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David Robinson
Albert Chen
October 22, 2001
In San Antonio not long ago, the inner-city block now occupied by the Carver Academy was a desolate stretch of crack houses flanked by an abandoned refrigerator factory and a mortuary. "There hadn't been any development in the area for years, and it showed," says Spurs center David Robinson.
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October 22, 2001

David Robinson

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In San Antonio not long ago, the inner-city block now occupied by the Carver Academy was a desolate stretch of crack houses flanked by an abandoned refrigerator factory and a mortuary. "There hadn't been any development in the area for years, and it showed," says Spurs center David Robinson.

What's developing there now are young minds. In 1997 Robinson contributed $5 million—believed to be the largest single charitable donation ever by a pro athlete—toward the $14 million cost to build a private elementary school on San Antonio's predominantly black East Side. In September the Carver Academy, targeted to children of low-income families, opened its doors to 60 students in four grades. When construction is completed next year, the school will accommodate 280 students from prekindergarten to eighth grade.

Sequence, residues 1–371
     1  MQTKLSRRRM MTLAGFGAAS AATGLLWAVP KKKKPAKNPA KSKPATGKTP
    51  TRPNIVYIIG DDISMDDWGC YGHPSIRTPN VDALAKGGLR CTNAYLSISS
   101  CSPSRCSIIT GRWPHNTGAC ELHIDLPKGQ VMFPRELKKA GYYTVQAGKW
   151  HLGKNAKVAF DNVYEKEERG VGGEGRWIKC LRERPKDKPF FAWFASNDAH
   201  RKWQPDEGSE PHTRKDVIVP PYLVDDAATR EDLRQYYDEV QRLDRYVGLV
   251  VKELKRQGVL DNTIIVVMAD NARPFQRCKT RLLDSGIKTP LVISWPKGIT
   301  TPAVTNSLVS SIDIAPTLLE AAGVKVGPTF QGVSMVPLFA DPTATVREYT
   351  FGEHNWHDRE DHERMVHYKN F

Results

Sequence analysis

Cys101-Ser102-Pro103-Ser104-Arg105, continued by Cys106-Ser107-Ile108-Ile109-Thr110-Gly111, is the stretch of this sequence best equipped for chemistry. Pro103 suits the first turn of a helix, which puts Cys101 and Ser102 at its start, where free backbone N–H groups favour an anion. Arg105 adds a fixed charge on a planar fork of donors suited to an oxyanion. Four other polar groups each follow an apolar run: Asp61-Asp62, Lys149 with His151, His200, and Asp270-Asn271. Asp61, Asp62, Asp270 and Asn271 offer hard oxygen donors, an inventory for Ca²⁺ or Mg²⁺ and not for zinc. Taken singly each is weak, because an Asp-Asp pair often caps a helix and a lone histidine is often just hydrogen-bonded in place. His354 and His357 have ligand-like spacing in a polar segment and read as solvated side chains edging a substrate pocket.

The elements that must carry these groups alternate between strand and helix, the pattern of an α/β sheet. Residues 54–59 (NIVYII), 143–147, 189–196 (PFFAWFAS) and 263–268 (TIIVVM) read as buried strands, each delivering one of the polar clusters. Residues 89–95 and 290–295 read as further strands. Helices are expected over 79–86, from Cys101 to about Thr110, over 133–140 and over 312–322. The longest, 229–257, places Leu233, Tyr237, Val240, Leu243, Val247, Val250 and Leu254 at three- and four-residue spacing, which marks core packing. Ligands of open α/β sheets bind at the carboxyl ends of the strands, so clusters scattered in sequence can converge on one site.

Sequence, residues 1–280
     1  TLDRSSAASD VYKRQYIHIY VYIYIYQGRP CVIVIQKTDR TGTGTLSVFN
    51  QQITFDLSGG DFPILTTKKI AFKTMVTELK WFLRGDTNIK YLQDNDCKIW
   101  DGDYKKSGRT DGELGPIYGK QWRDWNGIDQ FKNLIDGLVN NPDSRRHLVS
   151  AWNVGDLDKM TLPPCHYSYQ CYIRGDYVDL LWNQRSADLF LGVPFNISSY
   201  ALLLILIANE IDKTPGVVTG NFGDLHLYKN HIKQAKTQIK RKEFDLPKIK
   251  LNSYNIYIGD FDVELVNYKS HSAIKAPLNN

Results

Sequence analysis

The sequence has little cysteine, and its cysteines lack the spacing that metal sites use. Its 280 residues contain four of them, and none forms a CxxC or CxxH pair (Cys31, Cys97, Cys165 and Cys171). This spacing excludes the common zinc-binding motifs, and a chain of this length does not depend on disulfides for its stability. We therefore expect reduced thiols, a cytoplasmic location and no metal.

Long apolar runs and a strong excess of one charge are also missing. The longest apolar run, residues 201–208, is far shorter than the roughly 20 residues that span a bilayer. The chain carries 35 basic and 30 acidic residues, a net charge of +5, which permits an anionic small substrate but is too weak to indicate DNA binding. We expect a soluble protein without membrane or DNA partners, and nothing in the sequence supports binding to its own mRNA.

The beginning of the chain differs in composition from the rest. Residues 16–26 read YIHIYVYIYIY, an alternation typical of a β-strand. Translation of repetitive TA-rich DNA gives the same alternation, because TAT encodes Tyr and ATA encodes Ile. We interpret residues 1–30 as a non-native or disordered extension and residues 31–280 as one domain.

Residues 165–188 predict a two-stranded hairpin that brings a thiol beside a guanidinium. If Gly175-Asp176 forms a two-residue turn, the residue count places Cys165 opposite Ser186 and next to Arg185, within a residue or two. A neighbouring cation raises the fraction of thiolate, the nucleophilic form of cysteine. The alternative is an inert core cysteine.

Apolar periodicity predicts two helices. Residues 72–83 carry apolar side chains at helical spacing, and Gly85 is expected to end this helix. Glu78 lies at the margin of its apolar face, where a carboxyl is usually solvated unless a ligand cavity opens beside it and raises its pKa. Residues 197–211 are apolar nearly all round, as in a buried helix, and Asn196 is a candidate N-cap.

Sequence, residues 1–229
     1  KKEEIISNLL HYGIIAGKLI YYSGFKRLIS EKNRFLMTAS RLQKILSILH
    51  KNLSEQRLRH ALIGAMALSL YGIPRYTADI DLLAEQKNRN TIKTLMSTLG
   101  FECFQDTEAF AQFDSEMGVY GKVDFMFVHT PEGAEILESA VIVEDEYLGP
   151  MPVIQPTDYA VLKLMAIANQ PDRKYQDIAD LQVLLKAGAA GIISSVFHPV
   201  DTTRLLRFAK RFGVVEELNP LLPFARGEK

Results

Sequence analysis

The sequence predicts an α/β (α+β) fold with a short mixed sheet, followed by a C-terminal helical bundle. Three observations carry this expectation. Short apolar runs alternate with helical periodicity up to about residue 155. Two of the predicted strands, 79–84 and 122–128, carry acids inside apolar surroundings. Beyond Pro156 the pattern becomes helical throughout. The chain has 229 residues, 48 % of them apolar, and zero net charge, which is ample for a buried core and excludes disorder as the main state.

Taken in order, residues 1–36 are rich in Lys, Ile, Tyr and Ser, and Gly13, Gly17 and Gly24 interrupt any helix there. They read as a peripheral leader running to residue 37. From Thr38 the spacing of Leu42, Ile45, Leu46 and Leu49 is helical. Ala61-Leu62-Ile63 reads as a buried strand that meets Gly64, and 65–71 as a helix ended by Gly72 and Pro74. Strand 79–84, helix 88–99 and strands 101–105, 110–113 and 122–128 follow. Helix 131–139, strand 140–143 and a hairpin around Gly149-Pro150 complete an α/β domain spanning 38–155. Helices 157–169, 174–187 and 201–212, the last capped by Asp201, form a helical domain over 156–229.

"I wanted to infuse some money and some pride into the area," says Robinson, who monitors the school's development closely. He interviewed candidates for the headmaster position and wrote the school's charter, which stresses discipline and religious faith. Because most families pay only $300 toward the $8,000 cost to educate each child, Robinson is also aggressively raising funds to establish a $45 million endowment. "It's critical that I stay involved," he says, "if only to show these kids that there's more to loving than opening your checkbook." Robinson's commitment has impressed those closest to the project. "The academy is named for George Washington Carver," says assistant headmaster Everett White, "but only because we couldn't persuade him to call it the David Robinson Academy."

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